NAB is now expecting the cash rate of 4.35% to remain unchanged at next month’s Reserve Bank of Australia (RBA) meeting.

NAB economists say the current rate will be the peak and they expect it to remain unchanged until late 2024.

The bank had previously forecast the RBA to raise the cash rate to 4.6% in February as further insurance that inflation would fall to its target band over the next two years.

NAB was the last of Australia’s big four banking majors to hold that line with its competitors all foreshadowing the RBA would keep the cash rate on hold at its first meeting for 2024, scheduled over two days on 5-6 February.

Today, NAB explained it had revised its position given the RBA had been reluctant to move higher and last quarter’s Consumer Price Index figures providing “some breathing room”.

However economists at the big four bank previously said a lot hinges on December quarter CPI figures to be released 31 January.

Have we seen the end of high inflation?

NAB says it’s still possible inflation will accelerate in the first quarter of 2024 with the impact of rent subsidies dropping out.

However, the bank believes there are increasing signs that goods disinflation (prices rising but at a slower pace) will happen more quickly than expected.

It expects this will offset services inflation which it says still remains strong but appears to have peaked.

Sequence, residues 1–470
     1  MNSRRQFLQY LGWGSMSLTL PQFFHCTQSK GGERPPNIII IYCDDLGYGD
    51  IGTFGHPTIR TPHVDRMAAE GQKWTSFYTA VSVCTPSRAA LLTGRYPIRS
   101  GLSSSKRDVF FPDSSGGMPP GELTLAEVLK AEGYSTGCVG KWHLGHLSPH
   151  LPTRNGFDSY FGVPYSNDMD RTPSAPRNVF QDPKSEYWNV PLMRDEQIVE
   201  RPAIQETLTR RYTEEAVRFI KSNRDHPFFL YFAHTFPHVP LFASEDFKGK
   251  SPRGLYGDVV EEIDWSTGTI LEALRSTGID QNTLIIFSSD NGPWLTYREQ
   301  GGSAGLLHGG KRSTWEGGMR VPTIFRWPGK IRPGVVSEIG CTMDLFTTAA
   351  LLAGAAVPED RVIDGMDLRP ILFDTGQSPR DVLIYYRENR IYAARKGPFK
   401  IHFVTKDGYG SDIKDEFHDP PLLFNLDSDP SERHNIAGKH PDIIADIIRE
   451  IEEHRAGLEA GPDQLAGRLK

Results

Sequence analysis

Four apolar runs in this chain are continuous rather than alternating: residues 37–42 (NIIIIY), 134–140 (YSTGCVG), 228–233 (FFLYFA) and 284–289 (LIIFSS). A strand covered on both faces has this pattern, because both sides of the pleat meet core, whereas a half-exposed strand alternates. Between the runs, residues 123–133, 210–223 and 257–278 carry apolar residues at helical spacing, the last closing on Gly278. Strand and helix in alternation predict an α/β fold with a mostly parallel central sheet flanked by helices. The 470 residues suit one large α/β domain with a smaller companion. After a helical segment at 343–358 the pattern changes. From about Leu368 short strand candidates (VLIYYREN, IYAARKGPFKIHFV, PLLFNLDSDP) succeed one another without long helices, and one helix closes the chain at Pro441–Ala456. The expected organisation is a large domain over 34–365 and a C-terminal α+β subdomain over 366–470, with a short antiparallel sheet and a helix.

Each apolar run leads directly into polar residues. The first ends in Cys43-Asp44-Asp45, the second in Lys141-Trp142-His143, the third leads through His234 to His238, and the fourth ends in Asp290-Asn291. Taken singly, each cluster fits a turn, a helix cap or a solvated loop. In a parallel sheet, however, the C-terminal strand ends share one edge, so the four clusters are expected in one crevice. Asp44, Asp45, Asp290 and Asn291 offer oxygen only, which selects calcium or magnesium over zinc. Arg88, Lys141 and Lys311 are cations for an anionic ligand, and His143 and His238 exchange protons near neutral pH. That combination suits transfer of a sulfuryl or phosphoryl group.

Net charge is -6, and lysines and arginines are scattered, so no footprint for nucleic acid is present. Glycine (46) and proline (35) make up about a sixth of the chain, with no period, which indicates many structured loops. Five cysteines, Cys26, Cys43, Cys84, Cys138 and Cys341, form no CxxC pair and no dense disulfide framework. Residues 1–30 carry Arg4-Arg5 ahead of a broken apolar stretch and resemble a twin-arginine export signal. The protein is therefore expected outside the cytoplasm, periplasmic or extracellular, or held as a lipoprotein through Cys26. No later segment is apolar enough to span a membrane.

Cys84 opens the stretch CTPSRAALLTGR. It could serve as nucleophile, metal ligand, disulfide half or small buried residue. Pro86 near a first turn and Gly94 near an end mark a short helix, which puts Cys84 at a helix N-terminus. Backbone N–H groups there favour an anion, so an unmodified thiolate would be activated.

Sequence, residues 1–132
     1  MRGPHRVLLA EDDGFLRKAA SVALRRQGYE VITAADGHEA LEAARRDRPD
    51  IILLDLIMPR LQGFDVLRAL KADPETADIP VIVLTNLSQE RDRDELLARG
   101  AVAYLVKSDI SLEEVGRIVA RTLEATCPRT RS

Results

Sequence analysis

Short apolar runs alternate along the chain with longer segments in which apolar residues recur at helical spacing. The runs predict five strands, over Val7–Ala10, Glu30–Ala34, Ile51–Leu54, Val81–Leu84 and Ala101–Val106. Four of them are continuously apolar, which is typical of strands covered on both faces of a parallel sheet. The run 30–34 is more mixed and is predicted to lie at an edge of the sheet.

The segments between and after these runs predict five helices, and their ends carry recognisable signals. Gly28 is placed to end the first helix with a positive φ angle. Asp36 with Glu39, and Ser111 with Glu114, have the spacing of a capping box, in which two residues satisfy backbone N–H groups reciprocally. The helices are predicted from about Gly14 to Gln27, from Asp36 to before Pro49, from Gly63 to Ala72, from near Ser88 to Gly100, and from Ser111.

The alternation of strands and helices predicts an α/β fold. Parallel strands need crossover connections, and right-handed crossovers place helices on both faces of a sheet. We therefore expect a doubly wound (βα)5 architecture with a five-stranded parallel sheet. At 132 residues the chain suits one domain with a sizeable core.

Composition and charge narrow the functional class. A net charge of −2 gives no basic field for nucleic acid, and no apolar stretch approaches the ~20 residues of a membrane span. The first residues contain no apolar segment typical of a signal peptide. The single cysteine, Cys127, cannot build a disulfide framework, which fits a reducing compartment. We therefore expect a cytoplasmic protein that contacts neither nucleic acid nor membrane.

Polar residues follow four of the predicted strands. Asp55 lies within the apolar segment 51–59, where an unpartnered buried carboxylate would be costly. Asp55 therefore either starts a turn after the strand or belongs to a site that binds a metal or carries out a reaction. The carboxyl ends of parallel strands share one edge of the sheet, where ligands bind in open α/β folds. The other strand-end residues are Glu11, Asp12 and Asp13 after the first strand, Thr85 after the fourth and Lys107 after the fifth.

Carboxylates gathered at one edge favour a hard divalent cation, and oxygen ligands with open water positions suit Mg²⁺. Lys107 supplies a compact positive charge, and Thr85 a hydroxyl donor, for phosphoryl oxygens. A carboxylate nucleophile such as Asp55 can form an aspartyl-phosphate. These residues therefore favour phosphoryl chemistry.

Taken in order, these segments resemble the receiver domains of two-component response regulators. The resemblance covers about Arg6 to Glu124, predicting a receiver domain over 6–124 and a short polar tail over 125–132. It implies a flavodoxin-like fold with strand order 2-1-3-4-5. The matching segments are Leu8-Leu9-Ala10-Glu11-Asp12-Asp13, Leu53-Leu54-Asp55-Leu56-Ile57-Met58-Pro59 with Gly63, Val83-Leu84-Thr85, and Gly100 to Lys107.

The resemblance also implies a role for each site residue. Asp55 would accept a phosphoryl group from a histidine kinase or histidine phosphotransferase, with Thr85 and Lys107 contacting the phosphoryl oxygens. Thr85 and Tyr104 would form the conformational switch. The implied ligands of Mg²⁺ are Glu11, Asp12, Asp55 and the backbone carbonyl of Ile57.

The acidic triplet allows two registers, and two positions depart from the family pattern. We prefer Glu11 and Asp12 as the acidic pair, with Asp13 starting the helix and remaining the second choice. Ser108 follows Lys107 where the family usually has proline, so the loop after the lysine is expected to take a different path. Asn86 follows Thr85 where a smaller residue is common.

Services inflation stubborn

NAB says it still has concerns about services sector inflation given its susceptibility to labour costs.

The bank believes wages growth is “at the cusp of comfort” for the RBA.

However, it believes minimum wage increases in recent years won’t continue in a lower inflation environment.

NAB expects wages growth to slow as pressure eases in the labour market.

Consumer demand easing

NAB also says consumer demand, which grew strongly through 2022 and 2023, “has now clearly slowed”.

The bank attributes the demand-driven cost pressures of recent years to stronger wages growth, population increases, and savings buffers built up during the pandemic.

The impact of each of these factors appears to be fading, according to NAB.

What’s ahead for the economy?

NAB says the impact of higher interest rates is becoming clear in the data and even if they’re kept on hold, will continue to slow demand growth.

Like the other big banks, NAB doesn’t expect there will be any easing in interest rates during the first half of 2024.

It forecasts below-trend growth in Gross Domestic Product at around 1.4% during 2024, rising to at-trend growth of around 2.25% in 2025.

NAB also expects the unemployment rate to rise gradually, reaching 4.5% by the end of 2025. It is currently at 3.9%, seasonally adjusted.

In 2024 the RBA monetary policy meetings will occur eight times a year instead of 11; this will give board members more time to assess the impacts of previous rate announcements and economic data.

Image supplied by National Australia Bank.